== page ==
Germany Pestel Analysis
Department of Management
MGT554: Business Environment
(Topic: Pestle Analysis of Germany)
Two of Germany's most famous writers, Goethe and Schiller, identified the central aspect of most of Germany's history with their poetic lament, "Germany? But where is it? I cannot find that country." Until 1871, there was no "Germany." Instead, Europe's German-speaking territories were divided into several hundred kingdoms, principalities, duchies, bishoprics, fiefdoms and independent cities and towns.
Finding the answer to "the German question"--what form of statehood for the German speaking lands would arise, and which form could provide central Europe with peace and stability--has defined most of German history. This history of many independent polities has found continuity in the F.R.G.'s federal structure. It is also the basis for the decentralized nature of German political, economic, and cultural life that lasts to this day.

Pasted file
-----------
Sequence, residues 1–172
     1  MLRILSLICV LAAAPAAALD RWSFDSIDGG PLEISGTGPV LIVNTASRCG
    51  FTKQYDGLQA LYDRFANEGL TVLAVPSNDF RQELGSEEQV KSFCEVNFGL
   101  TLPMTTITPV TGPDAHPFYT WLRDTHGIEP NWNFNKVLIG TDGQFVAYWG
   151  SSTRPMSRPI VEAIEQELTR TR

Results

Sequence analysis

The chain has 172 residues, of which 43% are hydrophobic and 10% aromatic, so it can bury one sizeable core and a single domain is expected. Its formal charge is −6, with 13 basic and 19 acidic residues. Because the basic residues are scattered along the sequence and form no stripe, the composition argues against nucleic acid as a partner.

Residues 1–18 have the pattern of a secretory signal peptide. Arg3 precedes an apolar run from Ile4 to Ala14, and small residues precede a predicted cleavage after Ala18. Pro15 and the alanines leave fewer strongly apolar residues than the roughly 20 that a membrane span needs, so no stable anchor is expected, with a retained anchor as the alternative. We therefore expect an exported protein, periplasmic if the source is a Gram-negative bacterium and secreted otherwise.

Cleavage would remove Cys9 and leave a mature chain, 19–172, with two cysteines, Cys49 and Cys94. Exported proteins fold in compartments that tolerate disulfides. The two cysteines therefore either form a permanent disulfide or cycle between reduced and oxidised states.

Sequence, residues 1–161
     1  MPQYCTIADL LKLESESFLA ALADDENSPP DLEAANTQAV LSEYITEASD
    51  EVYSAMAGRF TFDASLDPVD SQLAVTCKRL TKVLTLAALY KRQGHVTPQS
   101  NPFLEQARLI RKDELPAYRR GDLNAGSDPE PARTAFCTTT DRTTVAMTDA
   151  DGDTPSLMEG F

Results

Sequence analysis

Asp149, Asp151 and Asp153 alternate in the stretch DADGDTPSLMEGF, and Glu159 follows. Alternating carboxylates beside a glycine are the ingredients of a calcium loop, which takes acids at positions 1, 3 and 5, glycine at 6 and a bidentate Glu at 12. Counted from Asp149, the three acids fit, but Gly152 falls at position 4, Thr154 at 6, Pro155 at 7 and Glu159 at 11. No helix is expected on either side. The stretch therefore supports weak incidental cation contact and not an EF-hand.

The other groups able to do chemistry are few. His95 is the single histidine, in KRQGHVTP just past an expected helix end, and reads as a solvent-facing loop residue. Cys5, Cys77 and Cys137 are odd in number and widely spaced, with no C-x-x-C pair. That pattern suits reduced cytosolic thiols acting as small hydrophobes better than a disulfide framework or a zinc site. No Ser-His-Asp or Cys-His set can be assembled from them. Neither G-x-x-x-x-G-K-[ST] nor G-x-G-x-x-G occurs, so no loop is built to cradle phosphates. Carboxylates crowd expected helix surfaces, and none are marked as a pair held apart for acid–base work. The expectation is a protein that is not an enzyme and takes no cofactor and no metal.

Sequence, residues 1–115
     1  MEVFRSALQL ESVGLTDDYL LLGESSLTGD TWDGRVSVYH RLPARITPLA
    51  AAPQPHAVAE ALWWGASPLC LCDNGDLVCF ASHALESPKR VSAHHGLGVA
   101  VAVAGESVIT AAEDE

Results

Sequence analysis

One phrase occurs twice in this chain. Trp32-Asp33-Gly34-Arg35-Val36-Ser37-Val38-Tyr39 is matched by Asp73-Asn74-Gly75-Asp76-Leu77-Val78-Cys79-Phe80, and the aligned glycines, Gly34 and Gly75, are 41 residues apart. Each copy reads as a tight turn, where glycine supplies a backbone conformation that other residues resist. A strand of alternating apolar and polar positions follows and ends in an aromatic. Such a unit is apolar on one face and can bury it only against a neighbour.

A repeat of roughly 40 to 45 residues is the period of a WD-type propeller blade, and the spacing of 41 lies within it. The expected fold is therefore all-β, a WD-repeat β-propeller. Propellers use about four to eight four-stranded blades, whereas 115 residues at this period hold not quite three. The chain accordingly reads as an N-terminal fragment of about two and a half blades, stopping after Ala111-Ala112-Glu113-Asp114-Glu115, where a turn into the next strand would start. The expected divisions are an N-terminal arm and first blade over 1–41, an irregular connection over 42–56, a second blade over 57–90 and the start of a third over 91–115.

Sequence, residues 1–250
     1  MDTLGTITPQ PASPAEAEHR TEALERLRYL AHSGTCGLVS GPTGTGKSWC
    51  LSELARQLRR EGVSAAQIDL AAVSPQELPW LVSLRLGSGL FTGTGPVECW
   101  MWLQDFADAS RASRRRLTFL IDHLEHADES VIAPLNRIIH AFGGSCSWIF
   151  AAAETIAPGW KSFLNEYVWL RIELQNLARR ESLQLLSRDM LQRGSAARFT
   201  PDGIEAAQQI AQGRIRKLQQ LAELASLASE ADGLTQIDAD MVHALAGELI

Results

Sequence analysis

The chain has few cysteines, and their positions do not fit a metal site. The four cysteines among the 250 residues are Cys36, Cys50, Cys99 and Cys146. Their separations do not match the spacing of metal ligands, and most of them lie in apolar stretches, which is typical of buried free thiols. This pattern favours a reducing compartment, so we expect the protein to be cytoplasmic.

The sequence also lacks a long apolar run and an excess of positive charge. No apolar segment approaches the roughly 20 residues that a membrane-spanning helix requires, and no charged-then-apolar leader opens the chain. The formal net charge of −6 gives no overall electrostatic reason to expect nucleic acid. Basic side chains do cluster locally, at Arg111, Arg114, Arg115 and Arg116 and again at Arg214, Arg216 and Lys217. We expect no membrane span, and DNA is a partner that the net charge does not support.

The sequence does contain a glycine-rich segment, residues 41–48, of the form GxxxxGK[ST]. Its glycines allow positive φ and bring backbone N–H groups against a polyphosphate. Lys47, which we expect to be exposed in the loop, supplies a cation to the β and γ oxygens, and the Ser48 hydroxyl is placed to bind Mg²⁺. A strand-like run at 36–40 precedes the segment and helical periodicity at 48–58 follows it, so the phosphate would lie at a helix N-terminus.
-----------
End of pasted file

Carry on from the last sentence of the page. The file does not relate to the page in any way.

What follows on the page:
POLITICAL ASPECT OF THE COUNTRY:
The government is parliamentary, and a democratic constitution emphasizes the protection of individual liberty and division of powers in a federal structure. The chancellor (prime minister) heads the executive branch of the federal government. The duties of the president (chief of state) are largely ceremonial; the chancellor exercises executive power. The Bundestag (lower, principal chamber of the parliament) elects the chancellor. The president normally is elected every 5 years on May 23 by the Federal Assembly, a body convoked only for this purpose, comprising the entire Bundestag and an equal number of state delegates. President Christian Wulff (Christian Democratic Union - CDU) was elected on June 30, 2010.
The Bundestag, which serves a 4-year term, consists of at least twice the number of electoral districts in the country (299). When parties' directly elected